Setting up a private syndicate to invest in UK property: What fees can you charge for your efforts?
What fees are legitimately charged in this structure and where are they documented?
2 February 2015
If you are thinking of setting up a self-managed private syndicate to invest in commercial or residential property then you may be thinking of how your time and efforts could be rewarded. After all, your co-investors wouldn’t be investing in these specific properties without you, and you may be incurring time and money in administering the arrangements. So what fees are legitimately charged in this structure and where are they documented?
Fees we commonly see charged are:
1. Property sourcing fees: pretty straightforward, a flat fee per property or percentage fee by value can be charged for finding the property or properties involved.
2. Development management fees: these may cover matters such as project managing the purchase, refurbishment work, and sale of the property; working with a number of advisers such as accountants, tax advisers, valuers, planners and solicitors; and the general corporate administration of the syndicate (depending on the structure, and what services are outsourced). The fees may be a fixed, one-off or monthly amount. Alternatively, they may be expressed as a percentage – for example, of the gross development value or of the build costs incurred.
3. Letting fees: if the syndicate’s investment strategy involves letting the property for any period of time, then the syndicate members may want you to arrange and manage the tenancies. As for lettings agencies generally, the fees involved are usually expressed as a percentage of gross rental income.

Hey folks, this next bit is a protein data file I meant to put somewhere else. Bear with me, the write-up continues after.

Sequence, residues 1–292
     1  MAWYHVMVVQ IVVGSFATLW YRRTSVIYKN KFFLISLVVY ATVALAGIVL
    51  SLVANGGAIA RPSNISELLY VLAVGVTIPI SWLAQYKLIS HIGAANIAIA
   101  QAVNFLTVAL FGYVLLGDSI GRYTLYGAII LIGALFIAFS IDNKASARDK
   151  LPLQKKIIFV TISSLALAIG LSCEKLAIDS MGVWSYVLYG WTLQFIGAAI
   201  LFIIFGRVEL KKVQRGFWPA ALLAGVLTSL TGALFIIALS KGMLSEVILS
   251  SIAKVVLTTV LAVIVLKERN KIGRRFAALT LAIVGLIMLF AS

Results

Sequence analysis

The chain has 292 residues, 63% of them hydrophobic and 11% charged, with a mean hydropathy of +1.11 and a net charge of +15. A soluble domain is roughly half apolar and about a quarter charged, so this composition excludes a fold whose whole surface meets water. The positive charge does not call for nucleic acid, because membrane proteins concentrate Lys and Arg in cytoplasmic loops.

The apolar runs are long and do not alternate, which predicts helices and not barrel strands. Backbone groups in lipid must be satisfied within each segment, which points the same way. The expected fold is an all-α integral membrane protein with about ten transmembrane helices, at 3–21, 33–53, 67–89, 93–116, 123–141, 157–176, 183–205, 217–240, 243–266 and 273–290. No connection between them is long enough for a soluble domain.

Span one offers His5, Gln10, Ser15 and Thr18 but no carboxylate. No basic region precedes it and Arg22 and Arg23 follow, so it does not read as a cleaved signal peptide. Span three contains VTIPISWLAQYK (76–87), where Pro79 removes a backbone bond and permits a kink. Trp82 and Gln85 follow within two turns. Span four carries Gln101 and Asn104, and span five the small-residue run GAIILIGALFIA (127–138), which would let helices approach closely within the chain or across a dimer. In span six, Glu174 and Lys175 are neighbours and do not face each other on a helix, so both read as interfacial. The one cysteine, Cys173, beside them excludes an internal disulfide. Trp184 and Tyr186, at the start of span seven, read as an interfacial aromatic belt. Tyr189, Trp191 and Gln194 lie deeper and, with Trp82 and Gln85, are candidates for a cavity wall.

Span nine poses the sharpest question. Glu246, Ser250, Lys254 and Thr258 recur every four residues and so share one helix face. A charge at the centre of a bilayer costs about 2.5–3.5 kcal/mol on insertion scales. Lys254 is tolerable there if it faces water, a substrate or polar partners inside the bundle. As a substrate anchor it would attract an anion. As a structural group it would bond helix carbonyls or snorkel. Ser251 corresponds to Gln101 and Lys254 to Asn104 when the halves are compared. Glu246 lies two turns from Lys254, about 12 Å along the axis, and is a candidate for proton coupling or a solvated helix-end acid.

4. Performance fees: ultimately, as the syndicate coordinator, project manager, property manager and general facilitator of the arrangements it is legitimate for you to be rewarded for the overall performance of the venture. In the context of self-managed syndicates, any performance fees are usually kept as simple as possible – often, just a percentage of net profits before tax. What arrangements you put in place is a commercial decision for you and your co-investors, reflecting the work involved and influenced by the margins syndicate members are looking to achieve.
The fee arrangements described above may be set out in a syndicate agreement between members if the person undertaking the various services for the syndicate is also a member. If, however, a separate entity is acting as ‘property manager,’ the fees payable to that entity would usually be specified in a separate property management agreement which would also govern that appointment. It is important to note that the fee structure should be clearly agreed between the syndicate members as this structure is generally for people who already know and trust each other and this will help to avoid any potential conflict on realisation of the investment.
Need some help?
If you would like to know more about how to set up a self-managed property syndicate, this is a great place to start: